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Celebrities at the Wentworth

Feel Magnifique

From the day it opened its doors, the Wentworth has been the hotel of choice for celebrities, dignitaries and royalty visiting Sydney. Some have spent the night while others have stopped by for a gala event or business meetings, taking advantage of the hotel’s plush surrounds.

Prince Philip was the first royal guest, staying at the Wentworth in March 1967 to open a 

Commonwealth Study Conference and present the Duke of Edinburgh awards. The Queen has visited four times and both her sons have also been guests. In November 1969 the most famous astronauts in the world, Neil Armstrong, Buzz Aldrin and Michael Collins, spent three days in the hotel at the culmination of their historic world tour. Huge crowds followed the men through the streets, eager to catch a glimpse of the first people to set foot on the moon. Pope Pius VI addressed a crowd of thousands in the ballroom in 1971.

The Sultan of Brunei, Prince Sadruddin Aga Khan, US Vice Presidents George Bush, Gerald Ford and Nelson Rockerfeller, British Prime Minister Margaret Thatcher, and a host of presidents, premiers and political VIPs have chosen the Wentworth, along with stars like Shirley Maclaine, Johnny Cash, Marlon Brando, Frederick Forsyth, Sophia Loren and Audrey Hepburn.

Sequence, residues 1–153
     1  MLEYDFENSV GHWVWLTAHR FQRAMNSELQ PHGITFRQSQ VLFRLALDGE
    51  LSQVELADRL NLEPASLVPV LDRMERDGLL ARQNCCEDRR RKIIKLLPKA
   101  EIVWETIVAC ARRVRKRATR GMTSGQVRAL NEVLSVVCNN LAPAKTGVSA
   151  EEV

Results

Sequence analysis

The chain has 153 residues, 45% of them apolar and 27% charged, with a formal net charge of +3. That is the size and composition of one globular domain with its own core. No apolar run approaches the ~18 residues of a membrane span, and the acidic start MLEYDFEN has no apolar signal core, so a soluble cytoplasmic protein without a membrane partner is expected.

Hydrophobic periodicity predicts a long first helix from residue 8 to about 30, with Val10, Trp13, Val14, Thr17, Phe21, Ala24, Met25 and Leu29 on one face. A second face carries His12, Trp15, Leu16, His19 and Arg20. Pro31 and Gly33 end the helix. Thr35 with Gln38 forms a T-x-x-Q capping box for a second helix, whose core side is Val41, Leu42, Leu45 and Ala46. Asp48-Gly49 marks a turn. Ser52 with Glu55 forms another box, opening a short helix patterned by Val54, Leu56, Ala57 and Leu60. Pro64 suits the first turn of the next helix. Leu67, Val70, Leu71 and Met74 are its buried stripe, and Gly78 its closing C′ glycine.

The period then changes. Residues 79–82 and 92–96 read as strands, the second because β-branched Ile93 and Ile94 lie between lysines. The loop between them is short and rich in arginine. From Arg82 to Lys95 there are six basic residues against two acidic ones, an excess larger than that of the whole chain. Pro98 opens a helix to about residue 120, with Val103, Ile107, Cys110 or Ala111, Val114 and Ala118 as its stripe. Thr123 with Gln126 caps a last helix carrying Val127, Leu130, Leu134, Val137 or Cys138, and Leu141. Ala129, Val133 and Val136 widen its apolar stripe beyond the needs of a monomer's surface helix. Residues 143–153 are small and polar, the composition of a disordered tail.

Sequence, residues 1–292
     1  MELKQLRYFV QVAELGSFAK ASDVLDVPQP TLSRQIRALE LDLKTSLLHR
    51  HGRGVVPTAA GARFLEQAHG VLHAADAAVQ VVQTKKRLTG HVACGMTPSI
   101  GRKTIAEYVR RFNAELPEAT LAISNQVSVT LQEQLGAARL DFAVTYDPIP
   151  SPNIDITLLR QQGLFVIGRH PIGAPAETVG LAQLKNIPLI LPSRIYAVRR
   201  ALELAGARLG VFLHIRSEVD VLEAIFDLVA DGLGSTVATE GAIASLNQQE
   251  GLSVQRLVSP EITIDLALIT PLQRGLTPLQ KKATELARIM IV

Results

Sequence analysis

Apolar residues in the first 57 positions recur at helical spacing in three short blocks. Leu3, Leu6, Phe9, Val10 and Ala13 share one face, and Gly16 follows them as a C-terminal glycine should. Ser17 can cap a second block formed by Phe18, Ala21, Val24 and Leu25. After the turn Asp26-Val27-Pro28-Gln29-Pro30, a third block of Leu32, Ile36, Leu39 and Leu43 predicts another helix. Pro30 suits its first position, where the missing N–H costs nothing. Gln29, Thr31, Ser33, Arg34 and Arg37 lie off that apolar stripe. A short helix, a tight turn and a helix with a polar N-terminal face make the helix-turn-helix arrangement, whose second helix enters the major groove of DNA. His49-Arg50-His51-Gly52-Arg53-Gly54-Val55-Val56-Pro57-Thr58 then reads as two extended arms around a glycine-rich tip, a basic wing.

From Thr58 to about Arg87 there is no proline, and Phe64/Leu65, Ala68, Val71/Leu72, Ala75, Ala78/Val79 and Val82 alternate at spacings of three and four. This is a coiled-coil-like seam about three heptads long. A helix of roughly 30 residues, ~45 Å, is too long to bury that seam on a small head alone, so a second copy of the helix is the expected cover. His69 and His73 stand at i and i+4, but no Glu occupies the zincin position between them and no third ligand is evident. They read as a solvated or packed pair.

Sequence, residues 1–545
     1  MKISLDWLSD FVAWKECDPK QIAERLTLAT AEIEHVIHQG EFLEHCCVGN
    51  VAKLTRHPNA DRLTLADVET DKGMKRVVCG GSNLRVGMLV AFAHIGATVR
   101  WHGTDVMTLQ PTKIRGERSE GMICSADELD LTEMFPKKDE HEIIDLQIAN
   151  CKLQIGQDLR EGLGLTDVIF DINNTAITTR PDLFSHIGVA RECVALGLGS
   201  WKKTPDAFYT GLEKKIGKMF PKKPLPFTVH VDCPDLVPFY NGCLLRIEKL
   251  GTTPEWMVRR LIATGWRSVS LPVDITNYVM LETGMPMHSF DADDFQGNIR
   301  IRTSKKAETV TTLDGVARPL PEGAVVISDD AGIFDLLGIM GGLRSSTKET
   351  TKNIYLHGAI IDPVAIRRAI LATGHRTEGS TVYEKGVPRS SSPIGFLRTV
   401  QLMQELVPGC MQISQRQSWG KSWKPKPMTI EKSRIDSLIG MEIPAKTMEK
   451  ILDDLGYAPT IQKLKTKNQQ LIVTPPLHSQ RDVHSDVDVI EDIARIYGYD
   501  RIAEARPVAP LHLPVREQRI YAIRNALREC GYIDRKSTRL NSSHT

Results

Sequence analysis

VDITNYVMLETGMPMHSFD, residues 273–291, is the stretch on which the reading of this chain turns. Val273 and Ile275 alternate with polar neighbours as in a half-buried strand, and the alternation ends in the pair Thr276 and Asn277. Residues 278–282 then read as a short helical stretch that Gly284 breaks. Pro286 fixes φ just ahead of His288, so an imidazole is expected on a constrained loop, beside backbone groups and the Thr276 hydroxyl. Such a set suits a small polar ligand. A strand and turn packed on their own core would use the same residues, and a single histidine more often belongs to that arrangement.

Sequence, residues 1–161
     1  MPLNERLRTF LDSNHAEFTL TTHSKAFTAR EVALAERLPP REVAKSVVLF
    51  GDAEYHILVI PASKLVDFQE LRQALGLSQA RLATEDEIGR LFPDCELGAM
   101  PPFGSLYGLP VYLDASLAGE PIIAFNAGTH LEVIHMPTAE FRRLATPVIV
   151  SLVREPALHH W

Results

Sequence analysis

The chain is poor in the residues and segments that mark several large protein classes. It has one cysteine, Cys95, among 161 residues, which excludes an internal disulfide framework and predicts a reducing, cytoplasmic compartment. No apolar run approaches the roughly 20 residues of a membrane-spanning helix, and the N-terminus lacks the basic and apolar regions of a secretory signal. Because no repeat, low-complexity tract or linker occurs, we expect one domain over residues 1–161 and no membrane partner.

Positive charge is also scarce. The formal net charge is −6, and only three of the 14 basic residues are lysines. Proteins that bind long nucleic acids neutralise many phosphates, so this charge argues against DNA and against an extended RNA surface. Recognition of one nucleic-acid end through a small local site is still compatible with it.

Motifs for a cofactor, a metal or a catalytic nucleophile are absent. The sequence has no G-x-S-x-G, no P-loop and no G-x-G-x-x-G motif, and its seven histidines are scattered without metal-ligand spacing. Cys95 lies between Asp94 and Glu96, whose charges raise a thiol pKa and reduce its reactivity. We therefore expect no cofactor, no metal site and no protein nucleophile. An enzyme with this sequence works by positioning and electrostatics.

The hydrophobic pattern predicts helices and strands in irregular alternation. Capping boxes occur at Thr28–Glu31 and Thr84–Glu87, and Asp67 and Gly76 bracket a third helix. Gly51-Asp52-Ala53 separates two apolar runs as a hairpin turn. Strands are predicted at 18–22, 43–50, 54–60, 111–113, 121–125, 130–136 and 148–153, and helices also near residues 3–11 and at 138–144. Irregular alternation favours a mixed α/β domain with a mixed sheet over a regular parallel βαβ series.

In 1983 Princes Charles and Princess Diana (along with baby William) undertook their first official tour of Australia and New Zealand. The royal couple danced in the hotel’s ballroom for the Benevolent Society’s charity ball on March 28. The morning after, Charles famously went for a highly photographed swim at Bondi Beach.

The inaugural ARIA Awards were held at the hotel in 1987. John Farnham won six awards on the night and a little band called Crowded House was chosen as best new talent.

In 2011, Australia’s own royalty, Crown Princess Mary of Denmark and her husband Crown Prince Frederik, visited the hotel for an environmental conference. Princess Mary even donned a chef’s hat and joined in a cooking demonstration with the Sofitel’s executive chef Boris Cuzon.

Ten years behind schedule and almost $100 million over budget, Sydney’s iconic Opera House was finally completed in 1973. Queen Elizabeth II was invited to formally open the house on October 20, 1973, and hundreds of thousands of people lined the harbour foreshore to witness the landmark event.

Protocol dictated that the Queen and Prince Philip must stay at Admiralty House, the residence of the Governor-General, but her entourage stayed at Sydney’s finest hotel, The Wentworth. Chief Concierge Tony Facciolo recalled the morning of the opening, with the royal party along with a host of dignitaries and local officials in the lobby waiting for a fleet of limousines to take them to the Opera House.

That night, once the formalities had been completed, a huge party was held in the ballroom of the Wentworth.

According to Mr Facciolo, it was the biggest party ever to be held at the hotel with more than 1,400 guests including dignitaries from around the world and many hundreds of excited Sydneysiders.

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